A Day in the Life of…Police Academy –June 239:30-11:30am. Ages 6-11 yrs. Fee: $10. Spend the morning with members of the Opelika Police Dept. Great opportunity to go behind the scenes. Snack included. A Day in the Life of…Firefighters Academy- June 24-8:30am-2:00pm. Ages 6-12yrs. Fee: $15. Report to the Denson Drive Rec Center-transportation provided to Opelika Fire Dept. training center. Experience first hand what it takes to be a firefighter. Explore the trucks, try on the uniform and hold the hoses! Prepare to ‘get wet’. Lunch and T-shirt included. A Day in the Life of…Power Service Academy- June 25- 9:30am-12:00noon; Ages 6-11yrs. Fee: $10. Have you been in a bucket truck or climbed a Light & Power Pole? Join members of the Light & Power Department as they demonstrate their skills and

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invite participants to have ‘hands on’ fun in this morning academy! Snack included. Adventure Day- July 30- 1:00-4:00pm. Ages 5-12yrs. Fee: $10. Fun activities! You are invited to go on an adventure of food & fun. Back to School Bash- July 25- 10:00am-1:00pm. All Ages, Free. Back to School Ice Cream Social- August 1- 1:002:00pm. Ages 5-12, Fee $5. Boys Night Out- June 27- 6:00-9:00pm. Ages 7-12. Fee $20. Come hangout with the guys. Enjoy food, a movie, basketball and a video games. Covington Movie Club- June 12, June 26, July 10, and July 24. 3:30-5:00pm. Ages 6-12. Fee $7. Hot summer day with nothing to do? Come in and enjoy a movie and popcorn! Girls Night Out- June 13- 6:00-9:00pm. Ages 8-12. Fee $20. Come enjoy food, a movie, jewelry making and makeovers. Don’t forget to wear your pj’s. Goofy Games- July 8-3:00-4:00pm. Ages 6-12yrs. Fee: $10. Enjoy relays, group games, board games & computerized games. Green Thumb Gardening- June 25- 3:00-4:00pm. Ages 5-12. Fee $12. Get ready to bring a new life into this world..plant life that is! Come ready to decorate a pot to plant your new flower in! Junior Bakers- July 15- 3:00-4:30pm. Ages 9-12. Fee $15. Junior bakers will experience baking dishes with a surprise baker! Class max: 6 Kids in the Kitchen- June 3- 3:00-4:00pm. Ages 4-7. Fee $15. Hands on fun making delicious and child-proof foods! Lion Tamers - Kids Fun Day- June 7- 10:00am1:00pm. All ages. Free to public! Games, prizes, food, fun and Free Swim! Summer Crafts- June 11- 3:00-4:00pm. Ages 4-7. Fee $10. Messy Madness- July 24- 3:00-4:00pm. All Ages. Fee: $10. “Messy Projects and Slimy Creations”. Wear old clothing. Pizza Pizzazz – July 10- 3:00-4:00pm. Ages 6-11. Fee: $10. Learn to create various pizzas using bagels, French bread, English Muffins. Wacky Water Games- July 22- 3:00-4:00pm. Age 6-10yrs. Fee: $10. Have fun with bubbles, balloons and water.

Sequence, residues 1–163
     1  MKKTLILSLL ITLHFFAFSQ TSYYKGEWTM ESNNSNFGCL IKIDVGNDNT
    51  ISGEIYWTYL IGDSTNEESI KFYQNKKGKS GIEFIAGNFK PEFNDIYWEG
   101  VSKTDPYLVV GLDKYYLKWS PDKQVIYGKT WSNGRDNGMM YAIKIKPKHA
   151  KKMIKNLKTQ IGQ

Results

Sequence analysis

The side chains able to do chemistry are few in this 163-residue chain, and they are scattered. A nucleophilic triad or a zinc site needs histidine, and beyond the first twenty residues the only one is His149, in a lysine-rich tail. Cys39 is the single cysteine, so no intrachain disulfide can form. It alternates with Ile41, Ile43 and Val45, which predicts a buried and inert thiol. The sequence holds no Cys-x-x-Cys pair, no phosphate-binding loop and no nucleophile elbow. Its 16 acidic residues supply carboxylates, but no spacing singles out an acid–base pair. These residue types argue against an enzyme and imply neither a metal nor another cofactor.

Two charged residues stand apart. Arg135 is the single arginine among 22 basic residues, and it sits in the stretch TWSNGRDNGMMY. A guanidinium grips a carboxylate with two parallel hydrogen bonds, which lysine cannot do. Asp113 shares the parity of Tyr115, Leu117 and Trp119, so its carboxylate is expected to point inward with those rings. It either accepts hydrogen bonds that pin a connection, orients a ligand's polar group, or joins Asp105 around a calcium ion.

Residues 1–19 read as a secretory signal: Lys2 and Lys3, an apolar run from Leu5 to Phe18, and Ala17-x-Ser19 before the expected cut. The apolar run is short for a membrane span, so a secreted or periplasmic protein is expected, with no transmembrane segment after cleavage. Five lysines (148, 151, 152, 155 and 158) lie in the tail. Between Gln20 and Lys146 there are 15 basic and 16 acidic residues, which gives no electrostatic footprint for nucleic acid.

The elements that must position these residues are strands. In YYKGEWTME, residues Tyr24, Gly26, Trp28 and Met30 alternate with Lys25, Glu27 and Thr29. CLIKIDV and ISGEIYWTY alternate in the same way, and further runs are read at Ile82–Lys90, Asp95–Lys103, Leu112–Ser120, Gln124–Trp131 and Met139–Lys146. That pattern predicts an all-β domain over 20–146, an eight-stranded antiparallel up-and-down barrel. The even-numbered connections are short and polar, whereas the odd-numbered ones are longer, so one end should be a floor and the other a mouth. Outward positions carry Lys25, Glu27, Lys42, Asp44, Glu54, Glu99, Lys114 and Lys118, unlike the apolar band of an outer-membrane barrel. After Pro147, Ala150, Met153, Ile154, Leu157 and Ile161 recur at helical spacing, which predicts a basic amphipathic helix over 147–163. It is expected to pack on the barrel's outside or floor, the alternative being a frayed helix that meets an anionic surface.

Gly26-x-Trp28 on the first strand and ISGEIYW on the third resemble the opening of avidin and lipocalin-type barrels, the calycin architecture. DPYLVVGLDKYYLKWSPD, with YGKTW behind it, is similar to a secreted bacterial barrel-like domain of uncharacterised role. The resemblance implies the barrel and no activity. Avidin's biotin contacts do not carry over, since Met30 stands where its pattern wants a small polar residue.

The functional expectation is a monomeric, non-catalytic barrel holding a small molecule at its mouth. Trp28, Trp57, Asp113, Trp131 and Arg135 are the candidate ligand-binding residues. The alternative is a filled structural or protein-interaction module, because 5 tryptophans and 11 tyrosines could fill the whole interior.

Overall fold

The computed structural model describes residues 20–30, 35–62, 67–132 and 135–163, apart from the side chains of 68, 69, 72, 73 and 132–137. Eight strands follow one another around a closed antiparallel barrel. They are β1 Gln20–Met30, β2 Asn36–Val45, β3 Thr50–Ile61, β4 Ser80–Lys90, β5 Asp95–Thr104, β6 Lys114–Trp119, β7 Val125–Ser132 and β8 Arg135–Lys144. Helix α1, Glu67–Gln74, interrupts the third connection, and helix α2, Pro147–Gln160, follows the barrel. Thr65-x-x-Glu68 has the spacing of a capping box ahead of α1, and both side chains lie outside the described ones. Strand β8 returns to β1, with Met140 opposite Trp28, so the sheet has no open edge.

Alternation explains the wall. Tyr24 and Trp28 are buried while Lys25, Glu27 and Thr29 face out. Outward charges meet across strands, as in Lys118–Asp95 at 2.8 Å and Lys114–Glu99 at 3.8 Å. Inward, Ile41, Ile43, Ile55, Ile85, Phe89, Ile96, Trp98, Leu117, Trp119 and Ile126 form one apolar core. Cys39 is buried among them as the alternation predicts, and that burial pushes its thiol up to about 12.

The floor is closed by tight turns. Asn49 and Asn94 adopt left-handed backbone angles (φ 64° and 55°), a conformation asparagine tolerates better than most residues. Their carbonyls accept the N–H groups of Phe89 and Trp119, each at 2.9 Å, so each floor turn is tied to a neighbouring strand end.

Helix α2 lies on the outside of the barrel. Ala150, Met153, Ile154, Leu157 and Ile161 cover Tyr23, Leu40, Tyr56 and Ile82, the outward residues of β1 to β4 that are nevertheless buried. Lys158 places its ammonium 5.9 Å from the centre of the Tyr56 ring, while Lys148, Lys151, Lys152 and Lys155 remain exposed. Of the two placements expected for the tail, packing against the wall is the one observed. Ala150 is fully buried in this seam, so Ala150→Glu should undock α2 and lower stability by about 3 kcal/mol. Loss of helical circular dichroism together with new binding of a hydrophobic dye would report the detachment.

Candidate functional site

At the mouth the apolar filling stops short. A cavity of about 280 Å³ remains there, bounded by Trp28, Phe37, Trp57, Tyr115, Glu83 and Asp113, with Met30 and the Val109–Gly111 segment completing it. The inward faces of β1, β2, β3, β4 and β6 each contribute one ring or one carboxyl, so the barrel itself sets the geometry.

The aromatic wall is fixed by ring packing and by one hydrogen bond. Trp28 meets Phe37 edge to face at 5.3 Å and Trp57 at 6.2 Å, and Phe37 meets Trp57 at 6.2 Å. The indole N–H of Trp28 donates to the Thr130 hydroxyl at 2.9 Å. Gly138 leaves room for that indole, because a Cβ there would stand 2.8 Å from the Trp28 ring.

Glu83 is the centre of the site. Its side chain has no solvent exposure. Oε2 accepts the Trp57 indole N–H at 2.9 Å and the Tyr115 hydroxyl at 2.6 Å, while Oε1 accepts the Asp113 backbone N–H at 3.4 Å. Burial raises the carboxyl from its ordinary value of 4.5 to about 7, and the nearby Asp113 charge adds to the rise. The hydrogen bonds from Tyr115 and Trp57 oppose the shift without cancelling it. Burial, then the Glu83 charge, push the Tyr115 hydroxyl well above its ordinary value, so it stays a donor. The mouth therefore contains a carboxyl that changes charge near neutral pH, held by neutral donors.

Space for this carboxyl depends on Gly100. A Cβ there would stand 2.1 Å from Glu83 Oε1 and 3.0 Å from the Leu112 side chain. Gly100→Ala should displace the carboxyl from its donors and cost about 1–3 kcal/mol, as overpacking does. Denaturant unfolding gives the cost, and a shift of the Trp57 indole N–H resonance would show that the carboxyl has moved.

Vacation Bible Schools Auburn United Methodist Church; June 2-6. Cornerstone Church; June 2-6. Eagle Pointe Church of the Nazarene; Summer long VBS. Farmville Baptist Church; June 23-27. First Baptist Church of Auburn; June 2-6. First Presbyterian Church of Auburn First United Methodist Church of Opelika; June 9-12. Lakeview Baptist Church; June 6-20 Liberty Baptist Church 749-9632 Opelika First Baptist Church; June23-27. Parkway Baptist Church; June 2-6. Pleasant Grove Baptist Church 749-8507